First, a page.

An ancient Indic language that is the language of Hinduism and the Vedas and is the classical literary language of India.
[Sanskrit saṃskṛtam, from neuter of saṃskṛta-, perfected, refined : sam, together; see sem-1 in the Appendix of Indo-European roots + karoti, he makes; see kwer- in the Appendix of Indo-European roots.]
Word History: Like Latin in Europe and elsewhere, Sanskrit has been used by the educated classes in India for literary and religious purposes for over two thousand years. It achieved this status partly through a standardization that resulted from a long tradition of grammatical theory and analysis. This tradition reached its height around 500 BC in the work of the grammarian Panini, who composed an intricate and complex description of the language in the form of quasi-mathematical rules reminiscent of the rules of generative grammar in modern times. The language thus codified was called saṃskṛtam, "perfected, refined" to distinguish it from prākṛtam the "natural, vulgar" speech of ordinary people. Sanskrit thus became a fixed literary language, while Prakrit continued to develop into what are now the modern spoken languages of northern and central India, such as Hindi and Bengali.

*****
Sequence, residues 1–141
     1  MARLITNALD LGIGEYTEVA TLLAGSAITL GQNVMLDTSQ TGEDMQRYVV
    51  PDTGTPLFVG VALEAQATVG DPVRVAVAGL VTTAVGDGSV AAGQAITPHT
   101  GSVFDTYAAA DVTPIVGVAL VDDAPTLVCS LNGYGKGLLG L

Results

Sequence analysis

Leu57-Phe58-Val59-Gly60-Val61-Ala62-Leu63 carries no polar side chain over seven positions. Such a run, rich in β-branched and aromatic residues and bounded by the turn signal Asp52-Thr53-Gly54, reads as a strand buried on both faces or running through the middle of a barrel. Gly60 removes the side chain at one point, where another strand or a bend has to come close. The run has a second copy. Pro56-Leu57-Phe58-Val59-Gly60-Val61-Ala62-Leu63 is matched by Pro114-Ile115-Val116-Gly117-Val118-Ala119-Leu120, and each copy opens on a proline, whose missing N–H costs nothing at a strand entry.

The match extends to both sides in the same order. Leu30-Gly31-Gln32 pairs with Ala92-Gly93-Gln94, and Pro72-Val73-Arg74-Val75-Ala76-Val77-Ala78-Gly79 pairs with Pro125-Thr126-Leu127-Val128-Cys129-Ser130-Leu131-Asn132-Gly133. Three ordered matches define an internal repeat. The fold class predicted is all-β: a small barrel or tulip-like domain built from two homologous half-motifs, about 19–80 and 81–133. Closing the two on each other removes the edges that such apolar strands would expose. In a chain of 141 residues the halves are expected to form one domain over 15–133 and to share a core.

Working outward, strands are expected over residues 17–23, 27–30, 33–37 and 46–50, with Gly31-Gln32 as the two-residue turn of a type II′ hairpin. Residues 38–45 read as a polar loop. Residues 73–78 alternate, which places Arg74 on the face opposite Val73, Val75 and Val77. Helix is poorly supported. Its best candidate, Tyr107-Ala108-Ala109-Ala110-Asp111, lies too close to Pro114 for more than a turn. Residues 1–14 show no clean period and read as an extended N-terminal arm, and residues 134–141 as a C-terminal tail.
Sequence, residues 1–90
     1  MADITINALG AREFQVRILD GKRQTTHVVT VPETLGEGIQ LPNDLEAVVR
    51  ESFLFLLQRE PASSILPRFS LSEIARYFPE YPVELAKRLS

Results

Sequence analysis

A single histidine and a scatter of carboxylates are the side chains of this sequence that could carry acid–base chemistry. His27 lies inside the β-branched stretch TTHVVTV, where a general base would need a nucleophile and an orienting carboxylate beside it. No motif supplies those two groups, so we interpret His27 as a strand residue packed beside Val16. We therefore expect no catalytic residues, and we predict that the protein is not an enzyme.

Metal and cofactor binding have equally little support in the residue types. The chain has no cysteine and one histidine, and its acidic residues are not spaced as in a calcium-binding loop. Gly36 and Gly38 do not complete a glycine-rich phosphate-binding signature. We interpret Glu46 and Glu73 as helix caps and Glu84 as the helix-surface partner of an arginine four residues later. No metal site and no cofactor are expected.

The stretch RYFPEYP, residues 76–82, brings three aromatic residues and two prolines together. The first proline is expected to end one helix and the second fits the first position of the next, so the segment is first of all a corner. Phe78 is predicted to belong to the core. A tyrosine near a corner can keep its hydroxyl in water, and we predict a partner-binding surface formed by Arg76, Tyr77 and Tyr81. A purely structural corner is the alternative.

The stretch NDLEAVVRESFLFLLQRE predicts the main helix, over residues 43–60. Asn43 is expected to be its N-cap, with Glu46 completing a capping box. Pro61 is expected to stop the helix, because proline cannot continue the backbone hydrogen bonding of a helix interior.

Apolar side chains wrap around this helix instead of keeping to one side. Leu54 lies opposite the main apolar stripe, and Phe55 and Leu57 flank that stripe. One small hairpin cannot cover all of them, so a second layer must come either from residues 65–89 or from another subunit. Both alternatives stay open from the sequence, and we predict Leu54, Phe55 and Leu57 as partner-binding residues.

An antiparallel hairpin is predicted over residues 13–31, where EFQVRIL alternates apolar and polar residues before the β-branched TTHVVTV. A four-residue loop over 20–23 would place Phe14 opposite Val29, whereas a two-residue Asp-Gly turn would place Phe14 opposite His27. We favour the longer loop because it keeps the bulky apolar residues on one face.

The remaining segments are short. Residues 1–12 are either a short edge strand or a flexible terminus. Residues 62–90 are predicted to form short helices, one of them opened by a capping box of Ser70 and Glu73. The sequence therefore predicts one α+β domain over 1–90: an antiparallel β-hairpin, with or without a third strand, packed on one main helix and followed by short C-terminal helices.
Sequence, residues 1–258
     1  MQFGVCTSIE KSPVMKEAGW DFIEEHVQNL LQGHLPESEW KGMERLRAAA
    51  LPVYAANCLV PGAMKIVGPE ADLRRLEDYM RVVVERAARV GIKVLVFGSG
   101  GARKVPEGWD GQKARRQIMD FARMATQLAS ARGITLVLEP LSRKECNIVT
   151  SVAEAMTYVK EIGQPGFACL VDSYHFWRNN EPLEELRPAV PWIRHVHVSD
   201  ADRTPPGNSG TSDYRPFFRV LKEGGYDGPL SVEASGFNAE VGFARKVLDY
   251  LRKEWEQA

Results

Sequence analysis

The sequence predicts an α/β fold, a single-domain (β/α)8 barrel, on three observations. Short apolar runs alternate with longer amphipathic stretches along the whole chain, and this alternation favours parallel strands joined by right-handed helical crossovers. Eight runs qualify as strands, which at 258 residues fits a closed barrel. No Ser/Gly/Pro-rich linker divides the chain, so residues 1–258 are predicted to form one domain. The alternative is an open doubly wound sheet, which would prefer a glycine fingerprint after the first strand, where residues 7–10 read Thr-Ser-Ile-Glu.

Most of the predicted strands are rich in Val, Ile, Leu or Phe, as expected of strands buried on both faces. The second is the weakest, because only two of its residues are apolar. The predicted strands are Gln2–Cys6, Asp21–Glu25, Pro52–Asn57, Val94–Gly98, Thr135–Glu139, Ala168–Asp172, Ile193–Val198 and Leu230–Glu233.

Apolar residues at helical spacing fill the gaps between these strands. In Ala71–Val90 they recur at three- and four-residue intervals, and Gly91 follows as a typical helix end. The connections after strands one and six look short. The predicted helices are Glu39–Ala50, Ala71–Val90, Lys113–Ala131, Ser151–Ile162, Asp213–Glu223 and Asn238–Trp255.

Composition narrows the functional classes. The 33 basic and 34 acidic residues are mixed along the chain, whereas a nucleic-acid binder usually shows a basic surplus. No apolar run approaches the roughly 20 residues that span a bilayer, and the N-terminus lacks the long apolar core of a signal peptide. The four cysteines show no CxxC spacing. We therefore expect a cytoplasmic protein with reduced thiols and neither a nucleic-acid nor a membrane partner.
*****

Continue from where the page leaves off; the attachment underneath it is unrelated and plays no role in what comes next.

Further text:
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Indo-European & Semitic Roots Appendices
Thousands of entries in the dictionary include etymologies that trace their origins back to reconstructed proto-languages. You can obtain more information about these forms in our online appendices:
The Indo-European appendix covers nearly half of the Indo-European roots that have left their mark on English words. A more complete treatment of Indo-European roots and the English words derived from them is available in our Dictionary of Indo-European Roots.